May 19, 2015, by Emma Thorne
Digital storytelling experience to uncover the hidden stories of Venice
Visitors to an international art exhibition can uncover the hidden stories behind one of Italy’s most iconic cities through their GPS-enabled smartphone, thanks to a project by The University of Nottingham which blurs the boundaries between digital and the arts.
The project ‘Hidden Stories of Venice’ has been developed as part of EM15, a new partnership between artist-led organisations and institutions from the East Midlands, UK, which involves the New Art Exchange, QUAD, One Thoresby Street, Beacon Art Project, the academic partners Nottingham Trent University and The University of Nottingham, with Horizon Digital Economy Research as digital engagement partner.
EM15 has organised one of the collateral events at the Venice Biennale 2015, Doug Fishbone’s Leisure Land Golf, a fully playable mini golf course for which nine artists were each commissioned to design a hole. Doug Fishbone’s course invited the artists to respond to ‘The Leisure Principle’, where consumer satisfaction is prioritised at all costs. Each of the holes can be read as an autonomous work, but by playing a round and immersing oneself in the game one can experience a coherent and, at times disturbing, sense of a world (mis)shapen by our consumer habits and desires.
Taking inspiration from the nine art installations at the EM15 exhibition in Venice, academics from the University’s School of Humanities and the Horizon Digital Economy Research have collaborated with the EM15 organisations to design a digital storytelling experience for visitors to perform while wandering the streets of Venice to uncover a playful side to the city.
Explorers keen to scratch beneath the city’s surface and explore the area of the Venice Biennale around the EM15 venue in San Pietro di Castello can use their mobile phones to uncover nine location-based stories intersecting art, local history, architecture and anecdotes.
At each location they can perform a related task designed by the artists and researchers, take a photo and share their geo performance on Twitter/Instagram with the hashtag #EM15Venice.
The project has been coordinated by Dr Laura Carletti from Horizon Digital Economy Research, who has an expertise in digital engagement and design of the visiting experience, and has involved her Horizon colleague Dr Ben Bedwell, interaction design researcher, who developed Wander Anywhere, the free location-based blogging platform used to deliver the interactive experience in Venice; Dr Gabriele Neher in the Department of Art History who used her extensive subject knowledge to provide a narrative that avoided the usual tourist clichés and provided a gritty sense of a complex space; and Matt Davies, Manager of the Digital Humanities Centre, who contributed to the development of the narrative and led the search for images that might not make it on to the average holiday itinerary.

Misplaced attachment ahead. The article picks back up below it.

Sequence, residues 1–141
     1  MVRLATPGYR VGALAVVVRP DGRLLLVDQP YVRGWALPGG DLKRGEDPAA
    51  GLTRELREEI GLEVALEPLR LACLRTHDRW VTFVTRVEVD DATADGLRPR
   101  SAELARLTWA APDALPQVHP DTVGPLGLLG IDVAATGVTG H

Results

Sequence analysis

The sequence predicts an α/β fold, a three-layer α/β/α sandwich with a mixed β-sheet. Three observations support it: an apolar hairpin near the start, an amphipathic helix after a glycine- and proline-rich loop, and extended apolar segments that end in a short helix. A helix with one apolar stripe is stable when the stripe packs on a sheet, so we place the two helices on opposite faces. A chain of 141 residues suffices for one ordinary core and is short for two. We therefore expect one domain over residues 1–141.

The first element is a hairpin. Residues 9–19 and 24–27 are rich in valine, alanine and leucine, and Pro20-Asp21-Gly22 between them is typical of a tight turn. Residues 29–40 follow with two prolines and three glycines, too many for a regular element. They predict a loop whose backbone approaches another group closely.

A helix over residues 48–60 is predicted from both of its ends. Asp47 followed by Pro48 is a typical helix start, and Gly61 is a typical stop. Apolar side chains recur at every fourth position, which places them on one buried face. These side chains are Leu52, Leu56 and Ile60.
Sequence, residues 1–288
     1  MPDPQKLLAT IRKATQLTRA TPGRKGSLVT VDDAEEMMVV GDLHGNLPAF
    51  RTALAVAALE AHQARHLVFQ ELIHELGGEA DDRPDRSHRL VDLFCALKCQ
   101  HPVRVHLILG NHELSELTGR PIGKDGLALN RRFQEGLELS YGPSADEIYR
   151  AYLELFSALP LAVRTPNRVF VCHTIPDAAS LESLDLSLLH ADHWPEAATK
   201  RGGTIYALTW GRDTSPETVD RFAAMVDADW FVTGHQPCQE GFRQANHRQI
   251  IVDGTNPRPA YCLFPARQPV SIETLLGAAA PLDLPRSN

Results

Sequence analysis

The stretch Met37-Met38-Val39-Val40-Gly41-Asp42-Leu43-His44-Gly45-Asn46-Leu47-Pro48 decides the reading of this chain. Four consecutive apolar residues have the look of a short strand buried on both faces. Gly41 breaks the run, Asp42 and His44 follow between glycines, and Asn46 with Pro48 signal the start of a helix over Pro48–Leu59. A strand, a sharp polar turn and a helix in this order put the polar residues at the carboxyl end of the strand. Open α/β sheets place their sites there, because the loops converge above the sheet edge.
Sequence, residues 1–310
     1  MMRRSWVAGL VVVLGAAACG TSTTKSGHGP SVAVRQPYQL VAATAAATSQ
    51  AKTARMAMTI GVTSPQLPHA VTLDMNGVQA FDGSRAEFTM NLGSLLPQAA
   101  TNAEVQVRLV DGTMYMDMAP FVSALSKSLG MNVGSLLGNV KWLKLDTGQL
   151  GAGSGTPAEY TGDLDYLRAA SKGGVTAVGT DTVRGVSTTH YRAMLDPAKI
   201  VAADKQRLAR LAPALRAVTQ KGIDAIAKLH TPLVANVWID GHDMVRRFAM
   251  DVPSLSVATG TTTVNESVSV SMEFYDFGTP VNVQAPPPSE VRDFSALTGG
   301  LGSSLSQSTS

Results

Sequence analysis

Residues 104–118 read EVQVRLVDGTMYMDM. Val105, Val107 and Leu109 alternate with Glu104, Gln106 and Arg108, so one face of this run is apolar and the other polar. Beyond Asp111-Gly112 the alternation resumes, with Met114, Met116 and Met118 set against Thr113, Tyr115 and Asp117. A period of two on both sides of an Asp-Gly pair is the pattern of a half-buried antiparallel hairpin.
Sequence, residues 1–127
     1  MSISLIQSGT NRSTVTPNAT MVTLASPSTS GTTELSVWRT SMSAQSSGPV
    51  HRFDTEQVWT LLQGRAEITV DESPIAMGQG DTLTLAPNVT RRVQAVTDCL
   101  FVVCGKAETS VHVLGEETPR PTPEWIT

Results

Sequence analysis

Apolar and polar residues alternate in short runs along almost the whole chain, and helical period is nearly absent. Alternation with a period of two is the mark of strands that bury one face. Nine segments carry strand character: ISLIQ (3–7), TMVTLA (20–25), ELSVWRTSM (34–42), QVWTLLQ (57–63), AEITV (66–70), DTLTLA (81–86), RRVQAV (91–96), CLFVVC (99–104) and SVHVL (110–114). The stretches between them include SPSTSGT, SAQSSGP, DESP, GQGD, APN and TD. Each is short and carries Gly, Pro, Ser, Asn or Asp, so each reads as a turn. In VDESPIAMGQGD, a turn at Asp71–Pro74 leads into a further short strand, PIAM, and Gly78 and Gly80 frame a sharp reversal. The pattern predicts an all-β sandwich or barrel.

‘Hidden Stories of Venice’ is one of the several projects in which Wander Anywhere has united a multidisciplinary team from the University of Nottingham to deliver a creative visiting experience. Wander Thoresby used the platform to reveal the cultural, industrial and historical heritage of the Thoresby Estate. The Grand Tour in the Marche adopted Wander Anywhere to experience the city of Ancona (Italy) through audio reproductions of travel journal entries of British tourists in the 19th century, and digitisations of sketches by Joseph Mallord William Turner from the Tate collection.
Doug Fishbone’s Leisure Land Golf opened in Venice on 9th May and will run until 26th July. The ‘Hidden Stories of Venice’ are accessible via smart phone in Venice and on the Web through the Wander Anywhere platform.